Obama energy plan: A true step forward?

02 04, 2012 by Daily Advertiser

This week, the president laid out an energy plan in the State of the Union Address touching on the success of the current shale oil and gas plays, his new regulatory plans for hydraulic fracturing, and also opening up additional space for drilling offshore. There was no mention that the productive shale plays have found the majority of success on private lands, and not on their counter-part federally controlled lands. The president, did however, press hard for Congress to pass "clean energy tax credits" that would in turn create jobs. His plan to double down and kill the incentives of the oil and gas industry only promotes green energy and tax cuts for wind, offshore wind, and solar power. These green sources of power simply can't compete with natural gas due to their prices being exponentially more costly to produce.

The American Petroleum Institute, the top oil and gas-lobbying group, said the policies Obama promoted in his speech are at odds with expanding energy output. "It's a contradiction because he calls for further regulation that will slow down the production of energy and then increasing costs by raising taxes," said the institute's president, Jack Gerard.

Another debate centers on the use of hydraulic fracturing, also known as "fracking". The president's new plan demands that all companies disclose to their state government what chemicals are being used in the operation of fracking. Louisiana leads the pack in this reporting process with the Department of Conservation having full

oversight of the oil and gas industry. There is absolutely no need for the EPA or the federal government at large to be involved in the states daily operations of oil and gas exploration and production. In the past four years, the Haynesville Shale has become the largest natural gas field in the U.S., using safe technology and community awareness.

The State Department's announcement last week that the Keystone XL pipeline permit would be denied comes as a blow, not only to the oil and gas industry as a whole, but to the economy and the jobs market. With the potential of adding 20,000 jobs to an already flailing economy, it makes little sense to shut the project down. The president has stated over and over that the United States needs to become less dependent on foreign oil. This project alone would transport more than 70,000 barrels of synthetic crude oil per day into the U.S. from the Athabasca Oil Sands in northwestern Canada. The potential of this Keystone project and the Obama administration's rhetoric on their energy policy, simply doesn't match up.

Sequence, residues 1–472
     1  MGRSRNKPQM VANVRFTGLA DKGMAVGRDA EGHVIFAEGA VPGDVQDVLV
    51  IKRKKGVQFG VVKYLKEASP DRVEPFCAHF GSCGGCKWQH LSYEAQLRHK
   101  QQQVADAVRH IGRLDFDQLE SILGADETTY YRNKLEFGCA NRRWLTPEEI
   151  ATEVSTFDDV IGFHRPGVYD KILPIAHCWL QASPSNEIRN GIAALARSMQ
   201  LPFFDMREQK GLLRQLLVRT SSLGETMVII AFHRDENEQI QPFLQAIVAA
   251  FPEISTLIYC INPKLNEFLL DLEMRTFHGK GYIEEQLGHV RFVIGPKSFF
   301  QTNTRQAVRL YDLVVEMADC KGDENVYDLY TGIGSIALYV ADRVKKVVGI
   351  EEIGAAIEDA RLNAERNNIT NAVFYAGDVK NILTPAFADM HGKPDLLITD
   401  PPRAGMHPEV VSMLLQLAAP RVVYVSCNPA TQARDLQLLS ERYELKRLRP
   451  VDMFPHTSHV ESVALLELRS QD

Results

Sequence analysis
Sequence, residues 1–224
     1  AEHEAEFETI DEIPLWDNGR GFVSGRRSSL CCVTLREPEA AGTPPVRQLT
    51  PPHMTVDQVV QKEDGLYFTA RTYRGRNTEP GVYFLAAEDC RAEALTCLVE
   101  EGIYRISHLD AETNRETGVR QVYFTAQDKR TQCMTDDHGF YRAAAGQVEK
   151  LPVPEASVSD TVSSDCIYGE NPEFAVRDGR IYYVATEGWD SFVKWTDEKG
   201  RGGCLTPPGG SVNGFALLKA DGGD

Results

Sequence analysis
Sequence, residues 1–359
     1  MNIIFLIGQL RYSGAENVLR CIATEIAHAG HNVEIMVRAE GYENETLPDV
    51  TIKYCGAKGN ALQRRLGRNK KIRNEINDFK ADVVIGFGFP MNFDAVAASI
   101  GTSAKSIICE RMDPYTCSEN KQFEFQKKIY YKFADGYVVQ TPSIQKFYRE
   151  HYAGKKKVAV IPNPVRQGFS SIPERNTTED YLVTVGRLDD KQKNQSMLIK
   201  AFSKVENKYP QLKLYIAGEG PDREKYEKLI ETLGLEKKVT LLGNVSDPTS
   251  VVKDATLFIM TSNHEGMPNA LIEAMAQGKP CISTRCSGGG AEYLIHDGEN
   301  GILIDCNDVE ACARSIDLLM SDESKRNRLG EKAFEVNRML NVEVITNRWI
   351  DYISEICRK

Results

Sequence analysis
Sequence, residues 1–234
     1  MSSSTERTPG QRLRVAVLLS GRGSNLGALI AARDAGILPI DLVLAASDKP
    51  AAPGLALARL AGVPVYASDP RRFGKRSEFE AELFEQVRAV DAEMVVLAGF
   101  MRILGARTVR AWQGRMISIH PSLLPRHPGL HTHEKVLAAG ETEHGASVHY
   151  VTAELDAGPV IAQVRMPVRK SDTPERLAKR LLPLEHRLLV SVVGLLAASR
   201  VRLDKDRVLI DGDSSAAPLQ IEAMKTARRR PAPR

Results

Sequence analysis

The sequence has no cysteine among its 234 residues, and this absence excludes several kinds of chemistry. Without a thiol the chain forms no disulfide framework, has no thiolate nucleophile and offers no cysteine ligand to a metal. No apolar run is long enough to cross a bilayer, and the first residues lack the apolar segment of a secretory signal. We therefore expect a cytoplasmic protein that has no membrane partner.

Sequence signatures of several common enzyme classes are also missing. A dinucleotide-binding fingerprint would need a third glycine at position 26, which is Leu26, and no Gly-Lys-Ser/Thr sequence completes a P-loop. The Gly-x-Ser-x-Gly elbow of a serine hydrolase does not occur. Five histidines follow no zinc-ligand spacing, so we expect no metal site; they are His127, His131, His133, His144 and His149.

The president plans to open up an additional 75 percent of offshore resources to which the oil and gas industry obviously supports. What and where these areas will be located is yet to be determined. On Thursday, BOEM announced a planned lease sale to be held this coming summer for the central Gulf of Mexico. The lease sale is actually part of the 2007-2012 plan put in place by the Regan Administration. The lease sale is combining lease sale 216, which was scheduled for last spring and canceled by President Obama, with lease sale 222 which is scheduled for next March.

"Announcing a scheduled lease sale that doesn't open any new areas for energy production and that should have happened a year ago shouldn't be a `major announcement,' " said Republican Representative Doc Hastings, chairman of the House Natural Resources Committee.